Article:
There was a healthy stretch of years where I fell mostly out of love with death metal. Two primary reasons behind this: First, a discovery of a true kinship with the more artsy-fartsy realm of weird, lo-fi black metal that resonated very clearly when it came time to reconnect with the primal side of life; wheerfing down goblets of red wine after evenings spent under the influence of imperial lycanthropy, as opposed to knuckle-dragging through yet another Swedeath battlefield with some variance of a well-worn skull-smashing death metal hammer/flanged mace/oh-my-Lord-what-kind-of-mushrooms-were-in-that-salad?
Second, the overly technical and *core developments that dominated the death metal scene in the early 00s drove me away. In fact, outside of the occasional Slugathors of the time, the bulk of my death metal listening from about 2002–2006 was mostly comprised of the very same bands that dominated ears during the genre’s golden age.
Luckily, a slew of new blood that sounded as if they’d been freed from some forgotten death metal fissure began making serious waves around ’06/’07 and caught my ear. Deathevokation and their superb Blood demo, followed by their near-flawless The Chalice of Ages LP (best death metal album of the last decade), alongside dark death occult weavers such as Necros Christos and Teitanblood, and, of course, regressive Grecian head-loppers Dead Congregation. In short, these bands found a way to recapture and deliver the principle elements people loved about death metal throughout the 90s: Dark, implacable cruelty galloping (ofttimes slowly) on the backs of iron-plated riffs intent on pulverizing bones to powder. Pure and simple.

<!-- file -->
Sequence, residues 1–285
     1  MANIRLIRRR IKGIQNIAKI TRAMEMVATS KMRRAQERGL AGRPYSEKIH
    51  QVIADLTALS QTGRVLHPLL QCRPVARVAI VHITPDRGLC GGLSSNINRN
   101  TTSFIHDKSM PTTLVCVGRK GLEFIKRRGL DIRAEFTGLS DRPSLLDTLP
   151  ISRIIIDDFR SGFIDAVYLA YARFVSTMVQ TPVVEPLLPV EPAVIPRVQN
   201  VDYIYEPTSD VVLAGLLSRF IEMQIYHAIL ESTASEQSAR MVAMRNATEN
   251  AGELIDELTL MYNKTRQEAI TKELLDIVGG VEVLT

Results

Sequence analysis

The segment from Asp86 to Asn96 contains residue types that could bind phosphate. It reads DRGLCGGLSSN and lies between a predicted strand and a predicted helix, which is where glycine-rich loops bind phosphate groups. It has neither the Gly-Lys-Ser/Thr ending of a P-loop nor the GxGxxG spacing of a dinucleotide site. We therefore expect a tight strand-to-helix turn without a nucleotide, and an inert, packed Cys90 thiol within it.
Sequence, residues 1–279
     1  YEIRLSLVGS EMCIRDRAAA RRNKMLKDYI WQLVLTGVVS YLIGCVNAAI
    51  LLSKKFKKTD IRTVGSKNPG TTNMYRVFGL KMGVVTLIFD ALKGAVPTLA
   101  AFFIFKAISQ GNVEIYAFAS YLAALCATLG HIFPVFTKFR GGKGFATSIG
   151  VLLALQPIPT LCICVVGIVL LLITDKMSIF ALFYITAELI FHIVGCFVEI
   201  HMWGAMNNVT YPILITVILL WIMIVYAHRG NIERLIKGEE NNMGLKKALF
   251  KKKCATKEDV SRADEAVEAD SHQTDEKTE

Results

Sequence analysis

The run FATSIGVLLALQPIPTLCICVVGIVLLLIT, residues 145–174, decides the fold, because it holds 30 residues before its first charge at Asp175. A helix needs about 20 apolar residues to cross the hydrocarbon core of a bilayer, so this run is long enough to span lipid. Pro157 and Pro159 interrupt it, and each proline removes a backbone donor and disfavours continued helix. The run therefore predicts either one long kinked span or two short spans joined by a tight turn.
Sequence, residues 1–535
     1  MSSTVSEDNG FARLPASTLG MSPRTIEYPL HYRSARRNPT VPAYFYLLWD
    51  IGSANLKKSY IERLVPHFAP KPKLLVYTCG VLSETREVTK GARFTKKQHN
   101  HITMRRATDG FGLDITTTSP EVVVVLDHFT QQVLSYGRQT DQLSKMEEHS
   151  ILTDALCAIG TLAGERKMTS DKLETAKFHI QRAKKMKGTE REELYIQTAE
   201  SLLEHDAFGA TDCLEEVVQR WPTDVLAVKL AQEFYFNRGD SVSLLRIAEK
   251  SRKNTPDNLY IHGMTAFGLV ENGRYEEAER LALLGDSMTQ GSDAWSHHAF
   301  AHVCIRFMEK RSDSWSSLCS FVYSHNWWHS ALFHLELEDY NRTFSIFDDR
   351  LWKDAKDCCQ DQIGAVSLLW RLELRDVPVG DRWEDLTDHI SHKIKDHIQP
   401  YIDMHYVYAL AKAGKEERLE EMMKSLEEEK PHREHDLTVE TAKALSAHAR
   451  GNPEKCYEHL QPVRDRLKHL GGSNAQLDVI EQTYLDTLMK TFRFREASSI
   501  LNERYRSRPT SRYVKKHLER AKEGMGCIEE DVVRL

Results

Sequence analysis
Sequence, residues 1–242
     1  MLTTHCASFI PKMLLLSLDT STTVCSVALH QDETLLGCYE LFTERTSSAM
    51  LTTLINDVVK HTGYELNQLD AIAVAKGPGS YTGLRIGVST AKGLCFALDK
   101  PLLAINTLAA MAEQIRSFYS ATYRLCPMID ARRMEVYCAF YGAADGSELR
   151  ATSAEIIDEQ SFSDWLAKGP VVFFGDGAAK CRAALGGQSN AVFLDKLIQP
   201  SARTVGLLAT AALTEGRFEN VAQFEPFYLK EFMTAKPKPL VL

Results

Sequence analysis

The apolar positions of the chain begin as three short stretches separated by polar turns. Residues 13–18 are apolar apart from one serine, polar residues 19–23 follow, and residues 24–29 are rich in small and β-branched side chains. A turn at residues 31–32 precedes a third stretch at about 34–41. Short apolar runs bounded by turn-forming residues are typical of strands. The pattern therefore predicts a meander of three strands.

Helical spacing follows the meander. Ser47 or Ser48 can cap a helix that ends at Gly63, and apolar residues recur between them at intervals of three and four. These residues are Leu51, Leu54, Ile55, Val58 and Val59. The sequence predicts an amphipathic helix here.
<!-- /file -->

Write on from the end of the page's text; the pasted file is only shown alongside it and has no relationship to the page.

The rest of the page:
In the case of Greece’s Dead Congregation, the blueprint mostly involved a clear and devout allegiance to the early works of Incantation and Immolation, and Promulgation of the Fall – full-length number two (and six years in the making) – does little to stray from that well-worn path. Hey, if it ain’t broke, beat ’em over the head with it until they can’t tell their arse from their elbow, amiright? Well, you ass-armed elbow-sitters, get ready to crap down your sleeves until the cows come home, because the bevy of villainous riffs and ass-whipping clinic put on by drummer V.V. throughout Promulgation’s 40-minutes is truly head-flattening. Take a listen to “Immaculate Poison” and put that clumsily cobbled together Ikea furniture to the test:
of the Fall by Dead Congregation&amp;lt;/a&amp;gt;
The above tune does a perfect job of demonstrating the full spectrum of the record’s overloaded dominance: Crush, roar, tromp, furiously whip, and then burn what’s left of the husk in a grimy dumpster that weeps its impurities to the earth via its rotten underbelly. Repulsiveness. Beautiful, beautiful repulsiveness brought wriggling to life through exquisite regressive death metal that mocks the idea of reinventing the wheel as if it were sitting front-and-center at a Don Rickles show circa 1985.
For those who became familiar with the band through their excellent debut, expect the same degree of cursed darkness, but with far less beating around the bush in terms of getting to the business of leveling through riffs. Also, Promulgation flashes a bit more melody in the corners of the overall guitar work, but it’s still mostly from the Rick Rozz school of maggoty leads, so the blanketing vibe never really breaks from the murk into anything a sane person would consider downright “pretty.”
Honestly, the record is damn-near bullet proof if you happen to thrive on a steady diet of the NY style of abominable death metal that ran the table in the early 90s. From top to bottom, Promulgation of the Fall delivers the sort of sharp strikes to the flesh you’d expect from Longinus on his worst day. And pushing the appeal over the top is the fact that the record also boasts a near perfect production to trot alongside all the savagery.
Promulgation of the continued rise of one of death metal’s more promising bands.